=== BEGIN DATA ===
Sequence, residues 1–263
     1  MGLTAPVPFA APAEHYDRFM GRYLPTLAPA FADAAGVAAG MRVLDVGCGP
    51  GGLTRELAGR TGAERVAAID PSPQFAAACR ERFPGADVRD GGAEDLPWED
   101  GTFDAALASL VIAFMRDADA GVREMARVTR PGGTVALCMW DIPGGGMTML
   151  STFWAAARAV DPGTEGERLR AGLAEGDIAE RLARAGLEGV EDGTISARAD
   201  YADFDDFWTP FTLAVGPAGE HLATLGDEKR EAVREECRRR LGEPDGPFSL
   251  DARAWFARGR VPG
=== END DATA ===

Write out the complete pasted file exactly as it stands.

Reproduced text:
Sequence, residues 1–263
     1  MGLTAPVPFA APAEHYDRFM GRYLPTLAPA FADAAGVAAG MRVLDVGCGP
    51  GGLTRELAGR TGAERVAAID PSPQFAAACR ERFPGADVRD GGAEDLPWED
   101  GTFDAALASL VIAFMRDADA GVREMARVTR PGGTVALCMW DIPGGGMTML
   151  STFWAAARAV DPGTEGERLR AGLAEGDIAE RLARAGLEGV EDGTISARAD
   201  YADFDDFWTP FTLAVGPAGE HLATLGDEKR EAVREECRRR LGEPDGPFSL
   251  DARAWFARGR VPG